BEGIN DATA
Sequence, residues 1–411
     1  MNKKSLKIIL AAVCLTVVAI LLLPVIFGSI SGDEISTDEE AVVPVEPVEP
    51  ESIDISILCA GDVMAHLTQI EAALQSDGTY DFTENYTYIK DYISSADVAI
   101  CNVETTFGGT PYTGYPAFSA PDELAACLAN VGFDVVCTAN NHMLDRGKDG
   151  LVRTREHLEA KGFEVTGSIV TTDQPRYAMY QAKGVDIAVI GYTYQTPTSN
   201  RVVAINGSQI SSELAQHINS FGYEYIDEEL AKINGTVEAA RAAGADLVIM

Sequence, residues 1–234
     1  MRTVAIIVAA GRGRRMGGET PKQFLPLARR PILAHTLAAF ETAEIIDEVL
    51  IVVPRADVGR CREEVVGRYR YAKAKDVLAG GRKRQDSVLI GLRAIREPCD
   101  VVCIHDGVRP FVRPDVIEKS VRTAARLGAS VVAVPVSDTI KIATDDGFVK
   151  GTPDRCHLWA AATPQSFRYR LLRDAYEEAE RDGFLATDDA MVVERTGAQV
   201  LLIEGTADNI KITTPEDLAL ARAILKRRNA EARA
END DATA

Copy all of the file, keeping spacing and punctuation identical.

Sequence, residues 1–411
     1  MNKKSLKIIL AAVCLTVVAI LLLPVIFGSI SGDEISTDEE AVVPVEPVEP
    51  ESIDISILCA GDVMAHLTQI EAALQSDGTY DFTENYTYIK DYISSADVAI
   101  CNVETTFGGT PYTGYPAFSA PDELAACLAN VGFDVVCTAN NHMLDRGKDG
   151  LVRTREHLEA KGFEVTGSIV TTDQPRYAMY QAKGVDIAVI GYTYQTPTSN
   201  RVVAINGSQI SSELAQHINS FGYEYIDEEL AKINGTVEAA RAAGADLVIM

Sequence, residues 1–234
     1  MRTVAIIVAA GRGRRMGGET PKQFLPLARR PILAHTLAAF ETAEIIDEVL
    51  IVVPRADVGR CREEVVGRYR YAKAKDVLAG GRKRQDSVLI GLRAIREPCD
   101  VVCIHDGVRP FVRPDVIEKS VRTAARLGAS VVAVPVSDTI KIATDDGFVK
   151  GTPDRCHLWA AATPQSFRYR LLRDAYEEAE RDGFLATDDA MVVERTGAQV
   201  LLIEGTADNI KITTPEDLAL ARAILKRRNA EARA